Then she made prayer hands.

Why no questions about Spacey, who costarred with Williams in “All the Money in the World” until he was accused of assaulting a teenage boy and was excised from the film? Does Williams have any thoughts on her director Ridley Scott’s recent statement that he never thought twice about hiring Spacey, even though he heard rumors? Or that it wasn’t his decision, but the studio’s, to replace him with Christopher Plummer? How about Scott’s assertion that Harvey Weinstein may mount a comeback, and that perhaps we should forgive?

Not relevant, apparently. Or maybe it would make Williams — God forbid — uncomfortable.

How about Meryl Streep showing up with Ai-Jen Poo, the little-known director of the National Domestic Worker’s Alliance? Streep has vocally denied knowing anything about Weinstein — who she famously called “God” at the 2012 Globes — but instead preferred to talk in vague platitudes.

“I think that people are aware now of a power imbalance . . . and it’s led to abuse . . . and we want to fix that,” she told Ryan Seacrest.

What a profile in courage.

Meanwhile, not one presenting or accepting actress mentioned Rose McGowan, who kickstarted this entire movement and who says she was raped by Harvey Weinstein. Sitting together up front were Ashley Judd and Salma Hayek, who both went public with the abuse and torment Weinstein visited upon them; in the New York Times, Hayek wrote that Weinstein threatened to have her killed.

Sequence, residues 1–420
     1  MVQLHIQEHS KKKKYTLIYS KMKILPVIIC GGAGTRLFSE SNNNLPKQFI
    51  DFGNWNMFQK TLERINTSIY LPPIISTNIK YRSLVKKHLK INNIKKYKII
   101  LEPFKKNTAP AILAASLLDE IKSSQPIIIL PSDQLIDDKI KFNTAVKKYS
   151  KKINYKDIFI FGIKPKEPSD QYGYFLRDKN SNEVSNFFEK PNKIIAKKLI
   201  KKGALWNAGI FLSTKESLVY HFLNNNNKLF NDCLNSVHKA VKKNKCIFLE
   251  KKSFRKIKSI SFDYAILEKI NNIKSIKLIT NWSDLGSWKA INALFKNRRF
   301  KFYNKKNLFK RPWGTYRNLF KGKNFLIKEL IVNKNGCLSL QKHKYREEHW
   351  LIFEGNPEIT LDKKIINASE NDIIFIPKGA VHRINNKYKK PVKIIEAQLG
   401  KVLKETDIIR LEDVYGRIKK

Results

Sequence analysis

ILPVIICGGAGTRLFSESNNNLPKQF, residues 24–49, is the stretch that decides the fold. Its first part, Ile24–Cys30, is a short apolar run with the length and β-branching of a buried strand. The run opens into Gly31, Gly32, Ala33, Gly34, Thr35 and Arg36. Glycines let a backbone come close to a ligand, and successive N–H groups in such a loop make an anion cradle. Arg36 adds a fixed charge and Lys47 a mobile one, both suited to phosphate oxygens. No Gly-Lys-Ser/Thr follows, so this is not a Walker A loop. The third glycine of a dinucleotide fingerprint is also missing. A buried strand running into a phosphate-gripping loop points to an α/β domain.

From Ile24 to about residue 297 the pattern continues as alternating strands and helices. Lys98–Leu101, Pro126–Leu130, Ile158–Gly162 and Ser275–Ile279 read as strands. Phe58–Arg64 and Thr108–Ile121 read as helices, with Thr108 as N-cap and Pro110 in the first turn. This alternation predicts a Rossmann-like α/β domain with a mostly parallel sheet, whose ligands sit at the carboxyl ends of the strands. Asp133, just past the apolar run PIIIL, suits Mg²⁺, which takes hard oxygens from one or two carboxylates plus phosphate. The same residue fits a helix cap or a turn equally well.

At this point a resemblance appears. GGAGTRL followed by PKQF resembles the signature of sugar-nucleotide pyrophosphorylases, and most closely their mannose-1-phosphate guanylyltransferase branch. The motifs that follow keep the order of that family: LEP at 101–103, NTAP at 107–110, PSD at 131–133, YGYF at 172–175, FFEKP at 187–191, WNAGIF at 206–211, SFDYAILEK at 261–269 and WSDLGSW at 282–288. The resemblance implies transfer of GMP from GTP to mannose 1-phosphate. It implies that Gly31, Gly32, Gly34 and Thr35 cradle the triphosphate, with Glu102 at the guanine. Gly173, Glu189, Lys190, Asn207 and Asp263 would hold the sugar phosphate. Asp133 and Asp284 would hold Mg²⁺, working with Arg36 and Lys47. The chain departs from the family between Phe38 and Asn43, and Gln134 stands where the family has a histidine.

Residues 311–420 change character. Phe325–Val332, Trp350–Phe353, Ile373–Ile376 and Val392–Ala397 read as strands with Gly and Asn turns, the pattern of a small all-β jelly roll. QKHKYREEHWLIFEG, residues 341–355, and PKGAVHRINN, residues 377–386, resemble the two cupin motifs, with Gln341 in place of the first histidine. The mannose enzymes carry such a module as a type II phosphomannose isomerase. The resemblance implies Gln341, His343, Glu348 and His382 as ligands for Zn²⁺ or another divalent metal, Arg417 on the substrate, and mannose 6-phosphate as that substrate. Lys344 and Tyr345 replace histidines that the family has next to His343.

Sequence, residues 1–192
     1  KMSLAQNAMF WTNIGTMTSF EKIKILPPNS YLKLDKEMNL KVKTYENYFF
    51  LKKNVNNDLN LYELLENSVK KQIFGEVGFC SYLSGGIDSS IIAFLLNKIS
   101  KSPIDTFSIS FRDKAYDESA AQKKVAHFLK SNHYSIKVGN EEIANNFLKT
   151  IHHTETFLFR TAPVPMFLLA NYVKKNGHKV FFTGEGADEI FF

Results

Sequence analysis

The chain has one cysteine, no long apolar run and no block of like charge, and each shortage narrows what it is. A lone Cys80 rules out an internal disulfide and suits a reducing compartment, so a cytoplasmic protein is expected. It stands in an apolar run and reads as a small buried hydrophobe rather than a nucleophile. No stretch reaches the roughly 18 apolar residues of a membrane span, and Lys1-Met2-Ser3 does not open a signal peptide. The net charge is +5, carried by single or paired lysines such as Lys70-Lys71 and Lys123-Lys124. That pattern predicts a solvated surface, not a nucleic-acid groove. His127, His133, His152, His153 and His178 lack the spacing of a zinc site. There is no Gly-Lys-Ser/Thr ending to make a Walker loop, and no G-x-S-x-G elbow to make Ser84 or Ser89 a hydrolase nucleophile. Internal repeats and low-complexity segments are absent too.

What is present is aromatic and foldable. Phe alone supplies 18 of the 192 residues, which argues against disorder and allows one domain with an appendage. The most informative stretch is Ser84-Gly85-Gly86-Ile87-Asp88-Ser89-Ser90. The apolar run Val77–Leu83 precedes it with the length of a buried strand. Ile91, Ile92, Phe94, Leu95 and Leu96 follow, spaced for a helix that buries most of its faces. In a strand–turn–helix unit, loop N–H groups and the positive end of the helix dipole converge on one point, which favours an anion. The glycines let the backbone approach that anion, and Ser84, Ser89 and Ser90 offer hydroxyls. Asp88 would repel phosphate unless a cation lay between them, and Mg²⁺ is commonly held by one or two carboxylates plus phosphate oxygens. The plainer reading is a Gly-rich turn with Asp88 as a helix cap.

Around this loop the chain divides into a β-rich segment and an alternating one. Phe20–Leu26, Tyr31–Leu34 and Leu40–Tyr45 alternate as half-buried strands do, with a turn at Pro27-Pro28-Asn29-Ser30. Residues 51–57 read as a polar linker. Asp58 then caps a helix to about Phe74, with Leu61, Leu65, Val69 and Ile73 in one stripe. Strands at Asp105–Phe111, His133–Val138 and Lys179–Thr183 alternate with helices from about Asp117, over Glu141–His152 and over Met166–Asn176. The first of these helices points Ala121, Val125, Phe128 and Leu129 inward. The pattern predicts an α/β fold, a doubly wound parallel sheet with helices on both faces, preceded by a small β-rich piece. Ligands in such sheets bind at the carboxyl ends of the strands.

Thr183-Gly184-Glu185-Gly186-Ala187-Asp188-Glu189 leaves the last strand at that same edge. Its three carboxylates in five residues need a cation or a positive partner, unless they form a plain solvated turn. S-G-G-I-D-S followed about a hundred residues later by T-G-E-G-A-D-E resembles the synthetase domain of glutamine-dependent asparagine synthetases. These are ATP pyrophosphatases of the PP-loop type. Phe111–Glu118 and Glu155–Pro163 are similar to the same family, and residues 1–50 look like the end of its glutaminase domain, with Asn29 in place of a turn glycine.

These women are heroes. Not one of their colleagues called them out, thanked them, or acknowledged their bravery.

In perhaps the night’s most twisted hosanna, 101-year-old Kirk Douglas was honored with a standing ovation and special award. It didn’t take long for Twitter to light up over Douglas’s long-rumored rape of Natalie Wood when she was just 16.

If the average viewer at home knows about this, how could a room of insiders not? Just what are they trying to say?

Towards the end of the night, supporting actress winner Allison Janney — who won for playing Tonya Harding’s mother in “I, Tonya” — thanked the actual Harding, an invited guest, for “sharing her story . . . a story about truth and the perception of truth in the media.”

Harding, of course, was a real-life perpetrator of female-on-female crime, having her Olympic rival Nancy Kerrigan kneecapped — and though the movie exonerates her, Harding has admitted to at least having knowledge of a plot. Kerrigan later said the FBI told her they believed Harding was the mastermind and showed her transcripts detailing a plot to have her killed.

“That was one of the options,” Kerrigan said. “To kill me over a sporting event. That’s crazy.”

But in Hollywood’s version, Tonya’s a feminist hero. What a metaphor.